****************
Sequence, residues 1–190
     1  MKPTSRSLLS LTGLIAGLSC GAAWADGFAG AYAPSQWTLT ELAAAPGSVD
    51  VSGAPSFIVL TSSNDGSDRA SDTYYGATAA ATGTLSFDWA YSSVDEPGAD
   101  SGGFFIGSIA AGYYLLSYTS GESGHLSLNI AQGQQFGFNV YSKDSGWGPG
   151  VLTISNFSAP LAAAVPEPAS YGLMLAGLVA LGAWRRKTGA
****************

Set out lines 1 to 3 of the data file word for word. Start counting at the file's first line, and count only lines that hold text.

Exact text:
Sequence, residues 1–190
     1  MKPTSRSLLS LTGLIAGLSC GAAWADGFAG AYAPSQWTLT ELAAAPGSVD
    51  VSGAPSFIVL TSSNDGSDRA SDTYYGATAA ATGTLSFDWA YSSVDEPGAD